I think my attitude throughout the week, regardless of how many times I checked the weather, was to just ignore what was coming. This is totally unlike me, but given the situation I knew there wasn't anything I could do about the weather. Instead, I focused on getting excited to run my first race of 2013 and spend time with some great people.
Disclaimer: as a race review and recap, this is kind of a long post, so please settle in or tune in next time!
We stuck with our original plan, and mid-afternoon Cat, Molly and I headed down toward Hyannis.
The race expo was held at the Resort and Conference Center at Hyannis, which is also conveniently where the start and finish lines of the race were. It was fun to see them beginning to set up, and get a sense of where we'd be headed the following morning.
The race expo was set up in the first floor ballroom and, in my opinion, was just your basic expo. It wasn't the biggest I've seen but it also wasn't the smallest. Lots of smaller vendors out in the hallway with bigger vendors like Marathon Sports in the ballroom itself.
Packet pickups consisted of a large manilla envelope with your bib and safety pins along the tables. They had plenty of volunteers there and it wasn't busy mid-afternoon so we were in and out in no time.
After picking up your bib you moved over to where they were distributing long sleeved t-shirts. The size you chose during your initial race registration was specified on your bib envelope so there was no confusion. A woman next to me did ask to exchange for a different size but they were sticking to what people had ordered with the opportunity to exchange on race day if there were extras.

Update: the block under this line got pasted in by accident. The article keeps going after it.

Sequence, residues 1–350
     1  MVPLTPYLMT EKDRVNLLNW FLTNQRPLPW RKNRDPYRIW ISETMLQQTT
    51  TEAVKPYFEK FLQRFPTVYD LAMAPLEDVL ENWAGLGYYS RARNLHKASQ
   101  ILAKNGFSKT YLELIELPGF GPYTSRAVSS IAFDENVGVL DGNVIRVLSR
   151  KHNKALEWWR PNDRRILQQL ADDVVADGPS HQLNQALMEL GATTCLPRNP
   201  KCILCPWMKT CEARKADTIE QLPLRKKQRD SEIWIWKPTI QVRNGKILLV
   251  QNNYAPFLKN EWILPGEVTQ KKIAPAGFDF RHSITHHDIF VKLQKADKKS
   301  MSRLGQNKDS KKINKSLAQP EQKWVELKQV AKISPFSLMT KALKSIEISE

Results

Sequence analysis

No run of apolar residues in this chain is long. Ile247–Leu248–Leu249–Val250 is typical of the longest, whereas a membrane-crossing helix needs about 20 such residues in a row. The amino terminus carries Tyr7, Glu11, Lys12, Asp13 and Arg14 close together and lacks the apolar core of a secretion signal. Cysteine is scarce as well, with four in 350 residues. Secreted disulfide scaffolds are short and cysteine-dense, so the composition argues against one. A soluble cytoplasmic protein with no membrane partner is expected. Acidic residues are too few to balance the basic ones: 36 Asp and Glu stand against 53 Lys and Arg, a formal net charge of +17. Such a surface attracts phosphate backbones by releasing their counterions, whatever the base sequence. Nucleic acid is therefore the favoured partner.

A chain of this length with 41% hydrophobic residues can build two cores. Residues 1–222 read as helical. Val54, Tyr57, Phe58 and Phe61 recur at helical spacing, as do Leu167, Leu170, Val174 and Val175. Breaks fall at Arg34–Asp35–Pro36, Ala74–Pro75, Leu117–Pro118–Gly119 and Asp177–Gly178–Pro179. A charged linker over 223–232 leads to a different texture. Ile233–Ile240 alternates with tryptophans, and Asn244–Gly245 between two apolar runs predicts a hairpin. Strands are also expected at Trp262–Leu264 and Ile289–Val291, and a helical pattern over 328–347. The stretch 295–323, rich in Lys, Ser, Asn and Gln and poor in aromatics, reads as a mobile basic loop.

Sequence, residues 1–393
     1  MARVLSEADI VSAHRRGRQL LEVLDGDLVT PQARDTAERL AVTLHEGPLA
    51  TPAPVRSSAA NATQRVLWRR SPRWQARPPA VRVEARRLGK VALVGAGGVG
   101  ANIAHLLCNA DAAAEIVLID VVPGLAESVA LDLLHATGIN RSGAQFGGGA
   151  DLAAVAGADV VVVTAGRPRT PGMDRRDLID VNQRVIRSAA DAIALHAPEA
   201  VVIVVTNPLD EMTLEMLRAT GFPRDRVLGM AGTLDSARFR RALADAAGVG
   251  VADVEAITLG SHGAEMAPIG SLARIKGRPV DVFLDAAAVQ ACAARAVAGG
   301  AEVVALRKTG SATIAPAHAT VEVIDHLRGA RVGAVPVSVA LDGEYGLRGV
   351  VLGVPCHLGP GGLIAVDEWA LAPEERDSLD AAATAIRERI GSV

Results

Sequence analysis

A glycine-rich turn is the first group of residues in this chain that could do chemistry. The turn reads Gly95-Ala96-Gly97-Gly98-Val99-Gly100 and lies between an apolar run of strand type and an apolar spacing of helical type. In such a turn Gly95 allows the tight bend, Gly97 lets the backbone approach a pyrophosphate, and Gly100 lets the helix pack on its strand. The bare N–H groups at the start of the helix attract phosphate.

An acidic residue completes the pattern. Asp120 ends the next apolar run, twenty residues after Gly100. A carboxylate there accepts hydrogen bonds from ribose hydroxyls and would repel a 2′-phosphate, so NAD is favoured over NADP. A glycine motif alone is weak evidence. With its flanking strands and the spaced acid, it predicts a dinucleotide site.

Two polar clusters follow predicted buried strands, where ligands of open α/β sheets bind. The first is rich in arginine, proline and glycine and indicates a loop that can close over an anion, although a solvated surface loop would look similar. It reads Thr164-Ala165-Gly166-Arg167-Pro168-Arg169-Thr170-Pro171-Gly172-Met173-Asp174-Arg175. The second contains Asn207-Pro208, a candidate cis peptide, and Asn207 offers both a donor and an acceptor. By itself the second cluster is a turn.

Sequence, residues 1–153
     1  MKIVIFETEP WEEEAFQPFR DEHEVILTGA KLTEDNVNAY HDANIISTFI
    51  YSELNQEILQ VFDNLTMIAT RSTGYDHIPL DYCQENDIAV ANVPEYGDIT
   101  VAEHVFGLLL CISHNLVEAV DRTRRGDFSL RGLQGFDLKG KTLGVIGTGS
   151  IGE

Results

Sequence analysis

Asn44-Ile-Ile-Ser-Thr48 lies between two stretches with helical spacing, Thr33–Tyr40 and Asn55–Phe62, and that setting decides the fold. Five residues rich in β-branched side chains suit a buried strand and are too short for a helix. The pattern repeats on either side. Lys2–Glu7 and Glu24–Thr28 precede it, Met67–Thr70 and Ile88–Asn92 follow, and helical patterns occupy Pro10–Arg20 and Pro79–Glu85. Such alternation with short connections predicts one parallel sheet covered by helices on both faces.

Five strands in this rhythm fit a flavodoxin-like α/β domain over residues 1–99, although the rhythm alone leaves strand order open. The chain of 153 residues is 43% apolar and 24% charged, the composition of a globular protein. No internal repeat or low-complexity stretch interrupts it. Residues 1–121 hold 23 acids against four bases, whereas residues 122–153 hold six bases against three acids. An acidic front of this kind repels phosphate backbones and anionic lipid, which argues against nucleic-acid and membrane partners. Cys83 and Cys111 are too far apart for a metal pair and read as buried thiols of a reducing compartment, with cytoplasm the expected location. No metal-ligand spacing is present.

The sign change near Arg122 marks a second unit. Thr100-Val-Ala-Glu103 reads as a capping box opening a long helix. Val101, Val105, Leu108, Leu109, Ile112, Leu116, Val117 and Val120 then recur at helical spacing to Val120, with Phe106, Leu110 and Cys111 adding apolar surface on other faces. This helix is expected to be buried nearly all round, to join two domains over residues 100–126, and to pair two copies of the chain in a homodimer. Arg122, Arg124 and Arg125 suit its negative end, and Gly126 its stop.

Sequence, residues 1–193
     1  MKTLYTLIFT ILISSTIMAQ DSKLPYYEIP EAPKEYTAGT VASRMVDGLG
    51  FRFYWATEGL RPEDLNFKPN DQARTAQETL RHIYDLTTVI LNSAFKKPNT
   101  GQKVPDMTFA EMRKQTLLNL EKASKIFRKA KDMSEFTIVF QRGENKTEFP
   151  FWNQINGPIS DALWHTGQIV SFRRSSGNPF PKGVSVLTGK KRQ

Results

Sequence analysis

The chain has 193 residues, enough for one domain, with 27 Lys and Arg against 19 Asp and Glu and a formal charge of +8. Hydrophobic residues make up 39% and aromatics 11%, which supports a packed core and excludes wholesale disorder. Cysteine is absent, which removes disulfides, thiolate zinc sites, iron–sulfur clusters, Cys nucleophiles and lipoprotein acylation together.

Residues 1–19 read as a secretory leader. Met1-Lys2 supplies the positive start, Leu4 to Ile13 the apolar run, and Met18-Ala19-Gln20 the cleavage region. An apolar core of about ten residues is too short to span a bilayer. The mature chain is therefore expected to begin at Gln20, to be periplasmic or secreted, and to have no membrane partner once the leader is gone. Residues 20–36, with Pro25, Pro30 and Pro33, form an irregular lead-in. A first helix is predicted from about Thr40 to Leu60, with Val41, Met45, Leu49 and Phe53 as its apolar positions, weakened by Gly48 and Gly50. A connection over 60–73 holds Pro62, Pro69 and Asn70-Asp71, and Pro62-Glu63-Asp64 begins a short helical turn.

After a mandatory post-expo pit stop at Mary Lou's, we hunkered down for a low key evening of baked ziti, games and relaxing.
With a start time of 10am, we didn't need to rush to get ready on Sunday morning. We took our time, stared out at the pouring rain, forced down some bagels, peanut butter and bananas and began layering up and getting ready to head out.
We arrived at the start around 9:35, the perfect amount of time to head into the Conference Center for last minute bathroom stops and one last chance to mentally prepare. Given the weather conditions, having the conference center right there to provide shelter until the last minute was really helpful and comforting.
The field size for this race isn't big in comparison to some others (400 max for the marathon and 2500 max for the half marathon, plus some 75 relay teams), so there's no corrals or staggered starts... at least that I was aware of. We finally bit the bullet and headed outside around 9:58am during the National Anthem and made our way toward the start line, funneling in with the other runners as the race began.
Course, Staff and Spectators